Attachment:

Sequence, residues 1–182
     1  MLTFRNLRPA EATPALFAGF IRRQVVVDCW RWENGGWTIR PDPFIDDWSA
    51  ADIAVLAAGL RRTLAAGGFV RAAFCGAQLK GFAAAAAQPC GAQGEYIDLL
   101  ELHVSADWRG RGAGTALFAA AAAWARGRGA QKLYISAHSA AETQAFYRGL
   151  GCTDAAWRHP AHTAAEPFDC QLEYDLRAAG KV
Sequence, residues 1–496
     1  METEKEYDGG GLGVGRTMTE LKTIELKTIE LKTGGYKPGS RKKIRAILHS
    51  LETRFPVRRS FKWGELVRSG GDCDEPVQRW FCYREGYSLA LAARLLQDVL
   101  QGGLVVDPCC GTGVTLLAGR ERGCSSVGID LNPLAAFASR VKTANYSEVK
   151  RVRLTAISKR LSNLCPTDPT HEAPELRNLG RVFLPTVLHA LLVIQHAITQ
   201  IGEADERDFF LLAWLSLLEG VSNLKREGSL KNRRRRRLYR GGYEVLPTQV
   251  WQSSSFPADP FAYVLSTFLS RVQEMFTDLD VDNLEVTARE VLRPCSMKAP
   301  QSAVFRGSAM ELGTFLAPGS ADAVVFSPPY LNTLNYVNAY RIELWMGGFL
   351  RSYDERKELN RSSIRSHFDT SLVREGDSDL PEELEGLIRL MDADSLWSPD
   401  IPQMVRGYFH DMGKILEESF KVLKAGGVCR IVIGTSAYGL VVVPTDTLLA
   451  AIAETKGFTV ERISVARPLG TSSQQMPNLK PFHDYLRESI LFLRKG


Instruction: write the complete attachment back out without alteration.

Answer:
Sequence, residues 1–182
     1  MLTFRNLRPA EATPALFAGF IRRQVVVDCW RWENGGWTIR PDPFIDDWSA
    51  ADIAVLAAGL RRTLAAGGFV RAAFCGAQLK GFAAAAAQPC GAQGEYIDLL
   101  ELHVSADWRG RGAGTALFAA AAAWARGRGA QKLYISAHSA AETQAFYRGL
   151  GCTDAAWRHP AHTAAEPFDC QLEYDLRAAG KV
Sequence, residues 1–496
     1  METEKEYDGG GLGVGRTMTE LKTIELKTIE LKTGGYKPGS RKKIRAILHS
    51  LETRFPVRRS FKWGELVRSG GDCDEPVQRW FCYREGYSLA LAARLLQDVL
   101  QGGLVVDPCC GTGVTLLAGR ERGCSSVGID LNPLAAFASR VKTANYSEVK
   151  RVRLTAISKR LSNLCPTDPT HEAPELRNLG RVFLPTVLHA LLVIQHAITQ
   201  IGEADERDFF LLAWLSLLEG VSNLKREGSL KNRRRRRLYR GGYEVLPTQV
   251  WQSSSFPADP FAYVLSTFLS RVQEMFTDLD VDNLEVTARE VLRPCSMKAP
   301  QSAVFRGSAM ELGTFLAPGS ADAVVFSPPY LNTLNYVNAY RIELWMGGFL
   351  RSYDERKELN RSSIRSHFDT SLVREGDSDL PEELEGLIRL MDADSLWSPD
   401  IPQMVRGYFH DMGKILEESF KVLKAGGVCR IVIGTSAYGL VVVPTDTLLA
   451  AIAETKGFTV ERISVARPLG TSSQQMPNLK PFHDYLRESI LFLRKG